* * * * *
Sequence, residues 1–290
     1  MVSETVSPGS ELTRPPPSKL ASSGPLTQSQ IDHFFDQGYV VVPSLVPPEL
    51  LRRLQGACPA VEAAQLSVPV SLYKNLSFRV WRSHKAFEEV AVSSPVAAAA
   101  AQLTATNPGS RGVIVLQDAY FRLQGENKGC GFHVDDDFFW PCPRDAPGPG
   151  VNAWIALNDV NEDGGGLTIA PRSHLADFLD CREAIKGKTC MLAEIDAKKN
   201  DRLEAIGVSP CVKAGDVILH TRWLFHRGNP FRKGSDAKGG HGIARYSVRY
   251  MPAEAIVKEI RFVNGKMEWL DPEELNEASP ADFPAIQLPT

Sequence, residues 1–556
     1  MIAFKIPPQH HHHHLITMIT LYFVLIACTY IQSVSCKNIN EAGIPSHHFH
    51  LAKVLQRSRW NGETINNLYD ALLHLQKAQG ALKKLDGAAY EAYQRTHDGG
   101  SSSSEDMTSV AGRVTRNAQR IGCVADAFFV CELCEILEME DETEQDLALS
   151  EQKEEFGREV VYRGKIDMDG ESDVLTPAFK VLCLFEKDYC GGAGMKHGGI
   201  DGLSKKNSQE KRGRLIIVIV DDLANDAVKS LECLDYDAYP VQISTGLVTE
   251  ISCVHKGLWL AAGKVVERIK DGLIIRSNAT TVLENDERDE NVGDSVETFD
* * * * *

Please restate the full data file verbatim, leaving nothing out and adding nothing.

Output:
Sequence, residues 1–290
     1  MVSETVSPGS ELTRPPPSKL ASSGPLTQSQ IDHFFDQGYV VVPSLVPPEL
    51  LRRLQGACPA VEAAQLSVPV SLYKNLSFRV WRSHKAFEEV AVSSPVAAAA
   101  AQLTATNPGS RGVIVLQDAY FRLQGENKGC GFHVDDDFFW PCPRDAPGPG
   151  VNAWIALNDV NEDGGGLTIA PRSHLADFLD CREAIKGKTC MLAEIDAKKN
   201  DRLEAIGVSP CVKAGDVILH TRWLFHRGNP FRKGSDAKGG HGIARYSVRY
   251  MPAEAIVKEI RFVNGKMEWL DPEELNEASP ADFPAIQLPT

Sequence, residues 1–556
     1  MIAFKIPPQH HHHHLITMIT LYFVLIACTY IQSVSCKNIN EAGIPSHHFH
    51  LAKVLQRSRW NGETINNLYD ALLHLQKAQG ALKKLDGAAY EAYQRTHDGG
   101  SSSSEDMTSV AGRVTRNAQR IGCVADAFFV CELCEILEME DETEQDLALS
   151  EQKEEFGREV VYRGKIDMDG ESDVLTPAFK VLCLFEKDYC GGAGMKHGGI
   201  DGLSKKNSQE KRGRLIIVIV DDLANDAVKS LECLDYDAYP VQISTGLVTE
   251  ISCVHKGLWL AAGKVVERIK DGLIIRSNAT TVLENDERDE NVGDSVETFD